Spread The Word, Love Can Overcome
KSAL Staff - January 17, 2016 5:41 pm
Salinans gathered to celebrate the life and legacy of Dr. Martin Luther King Jr. through words and song Sunday afternoon.
The interfaith community-wide celebration at the Christ Cathedral included performances by a community choir, and by jazz musician Galen Abdur-Razzaq.
The Very Rev. Robert Smith, the Dean and President / CEO of Saint Francis Community Services was the featured, and spoke about love.
Smith, known as Father Bobby, began by saying “we have lost our ability to be kind to one another.” He then reflected, and shared personal history in which love overcame hate.
Father Bobby said that he is a living example that Dr. King’s message that love can over come hate. He shared a personal story that he said he had never publicly shared, and that he was not proud of.
Father Bobby shared that as a boy growing up in Centralia, Illinois, a vivid memory he has is of a burning cross in his uncle’s yard. The cross was the Ku Klux Kan’s way of honoring one of its members upon his death. And Father Bobby said that not only was his uncle a member of the Klan, but his grandfather expressed hate toward Dr. King.
Father Bobby said that he was not influenced by the hate, but rather by Dr. King’s message of love. “Love can overcome,” he said.
At one point Father Bobby called his daughter Avery, to the podium. He used her full name as she stood beside him, Avery Love Smith. “Love wins,” he said.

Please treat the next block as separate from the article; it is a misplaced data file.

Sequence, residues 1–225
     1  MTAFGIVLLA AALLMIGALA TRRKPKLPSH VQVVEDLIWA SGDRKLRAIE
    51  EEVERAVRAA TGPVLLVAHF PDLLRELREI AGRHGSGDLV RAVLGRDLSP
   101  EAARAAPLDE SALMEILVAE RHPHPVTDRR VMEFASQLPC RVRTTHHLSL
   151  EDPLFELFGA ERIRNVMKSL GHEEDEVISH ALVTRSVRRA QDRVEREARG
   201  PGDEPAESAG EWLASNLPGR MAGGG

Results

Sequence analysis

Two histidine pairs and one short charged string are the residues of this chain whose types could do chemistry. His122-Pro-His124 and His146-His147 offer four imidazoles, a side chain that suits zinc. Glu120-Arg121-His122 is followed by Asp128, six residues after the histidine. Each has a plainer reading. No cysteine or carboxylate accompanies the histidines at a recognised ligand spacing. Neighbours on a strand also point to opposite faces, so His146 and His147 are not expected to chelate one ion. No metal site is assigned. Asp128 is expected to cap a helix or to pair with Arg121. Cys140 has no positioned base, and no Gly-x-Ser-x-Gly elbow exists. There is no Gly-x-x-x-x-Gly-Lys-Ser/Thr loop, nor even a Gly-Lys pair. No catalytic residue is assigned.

Father Bobby challenged everyone to build relationships, and learn how to love you neighbor a little more. “When we start and end with love, we can change the world,” he concluded.
Prior to Father Bobby speaking, Salina Mayor Jon Blanchard read a proclamation, and Emma Kelly and Julia Thornton presented a biography of Dr. King.
The event on Sunday ended with the entire congregation linking crossed arms and singing “We Shall Overcome”.
The Sunday afternoon celebration was the marquee event of several days of celebration dedicated to the life and legacy of Dr. Martin Luther King Jr. Friday night featured a jazz performance at the Smoky Hill Museum, and an open-mic presentation took place at Ad Astra Books and Coffeehouse. On Saturday an annual community potluck dinner was held.
On Monday, a service targeted toward youth will be held at St. John’s Missionary Baptist Church, 215 S. Chicago, beginning at 12 noon.
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